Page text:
More About Emerging Autonomy

Growing up can be hard to do – especially for parents.  Often a developmental step means more work for mother.  When children start to feed themselves it can mean a mess to clean up.  With toilet training there will be accidents – easier to change a diaper.  A bed instead of a crib?  You may have a frequent nighttime visitor.  Still, we feel proud when our children accomplish these steps and it seems well worth the effort.

Children’s push toward independence brings with it another set of issues.  A baby may not like everything you do to her, but there is little she can do about it except protest by crying or squirming when you hold her.  Physical mobility and the acquisition of language change the picture.  A child can now run away from you or simply refuse to do what you are asking.  He can also just take what he wants from the refrigerator or climb on a chair to get the cookies from the high shelf.

Parents at this point begin to wonder what they can do to make their child listen.  They may try time-out or think about some other form of discipline.  Complaints generally fall into two categories: children’s resistance to routines and insistence on “having their own way.”  When independence takes the form of dressing oneself or going to the toilet, it is most welcome.  When it is expressed as refusal to get dressed or take a bath, that is another matter.

Here is where we confront the conflict between our wish that children be able to assert themselves, and the concern we feel when that self-assertion is expressed as defiance of us, their parents.  Are self-assertion and defiance the same?  Is self-expression always defiance and is children’s defiance self-expression?  Can children assert themselves without becoming defiant?

Actually, there is an important distinction here.  Children are, in fact, asserting their own wishes.  It feels like defiance to us if it runs counter to our wishes.  And it can become defiance when we insist on their following our wishes.  A child may not be ready to get dressed.  He would rather continue to play.  We need him to get dressed because we have to get ready to leave the house.  If we persist, the child’s wish to follow his own idea can turn into defiance, and that’s when an unpleasant confrontation ensues.

The same thing can happen when a child wants a cookie before lunch.  Mom says “No”, and the child defiantly goes and gets the cookie himself.  Or if it is beyond his reach, a temper outburst may follow.  This is often what parents mean when they say, “He wants his own way” and has a tantrum if he doesn’t get it.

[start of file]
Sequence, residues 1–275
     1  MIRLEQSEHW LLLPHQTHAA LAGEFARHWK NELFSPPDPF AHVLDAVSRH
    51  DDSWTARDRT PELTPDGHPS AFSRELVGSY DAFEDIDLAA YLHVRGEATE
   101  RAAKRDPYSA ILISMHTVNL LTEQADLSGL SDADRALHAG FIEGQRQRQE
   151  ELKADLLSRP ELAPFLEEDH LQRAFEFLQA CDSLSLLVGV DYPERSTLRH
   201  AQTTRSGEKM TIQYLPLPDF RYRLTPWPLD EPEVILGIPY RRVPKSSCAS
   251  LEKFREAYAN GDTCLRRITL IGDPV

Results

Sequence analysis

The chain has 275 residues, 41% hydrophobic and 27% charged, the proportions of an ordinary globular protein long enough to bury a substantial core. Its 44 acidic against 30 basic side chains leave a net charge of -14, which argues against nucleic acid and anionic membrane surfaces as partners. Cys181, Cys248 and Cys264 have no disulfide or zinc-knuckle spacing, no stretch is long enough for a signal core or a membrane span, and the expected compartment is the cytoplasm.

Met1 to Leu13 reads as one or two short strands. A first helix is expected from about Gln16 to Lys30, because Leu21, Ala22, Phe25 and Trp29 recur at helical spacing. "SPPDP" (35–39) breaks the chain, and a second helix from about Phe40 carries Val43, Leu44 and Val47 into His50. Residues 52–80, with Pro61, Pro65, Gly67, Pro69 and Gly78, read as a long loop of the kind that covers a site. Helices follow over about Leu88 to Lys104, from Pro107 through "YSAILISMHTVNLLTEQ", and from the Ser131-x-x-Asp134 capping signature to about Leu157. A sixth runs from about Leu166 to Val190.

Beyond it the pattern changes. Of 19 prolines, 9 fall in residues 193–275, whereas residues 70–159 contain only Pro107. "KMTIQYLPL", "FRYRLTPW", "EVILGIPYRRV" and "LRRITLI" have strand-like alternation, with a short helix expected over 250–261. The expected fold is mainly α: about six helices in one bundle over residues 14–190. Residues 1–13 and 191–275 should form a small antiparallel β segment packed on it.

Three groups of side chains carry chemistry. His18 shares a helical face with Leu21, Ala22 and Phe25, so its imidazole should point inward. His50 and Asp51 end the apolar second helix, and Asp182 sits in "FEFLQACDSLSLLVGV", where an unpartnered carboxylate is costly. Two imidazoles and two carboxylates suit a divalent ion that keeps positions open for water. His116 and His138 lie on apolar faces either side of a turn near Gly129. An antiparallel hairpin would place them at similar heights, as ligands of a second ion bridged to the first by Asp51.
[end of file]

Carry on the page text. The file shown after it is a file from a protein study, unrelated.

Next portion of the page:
Since wanting to have it our way can lead to this kind of result, does that mean we have to let children have it their way?  And if that is unacceptable, is there a way to “make them listen?”  We’re back to the question of how we can encourage self-assertion yet teach children that “you can’t always get what you want”, and that what other people want also has to be considered.

Recognizing that children want to be in charge of themselves before they are really capable of doing so is an important step in the process.  It can change the tone of an interaction between parent and child if we know that a child starts out simply expressing his own wish rather than defying ours.  It can help us not to start out with an anticipation of defiance or a negative response as if we have already been defied.

When children first develop an awareness that they are separate beings from their parents this discovery is quite heady.  This is what leads to their early infatuation with the word “NO!”  It gives voice to that feeling of being a separate person.  Parents are often bewildered by the fact that children will say no to things they really like to do, like going to the playground, or taking a bath. 

The point is they don’t really mean no, they just like the ability to say it and to act as if they are in charge.  The most helpful thing you can do is not to respond to the “no” as if it is a deterrent to what you are trying to accomplish.  Trying to “reason” with a two year old and to persuade him that he really loves to go to the playground will only turn it into a real conflict and battle of wills.  You can acknowledge that he is saying no, even while you are helping him get ready to go.

In a way this is true even as children get a little older and more invested in the reality of asserting themselves, not just the feeling of doing so.  Our children’s self-assertion turns into defiance as we try to impose our own will.  The key here is not doing what a child wants, but respecting what he wants.  We can be more successful by acknowledging what his own wishes are, rather than by trying to talk him out of them or overpower him with threats of punishment.

The struggle to become independent and autonomous continues as children develop and, as we know, is a big issue again in adolescence.  These early years are a time when we can begin to teach children both the rewards and limits of self-assertion.

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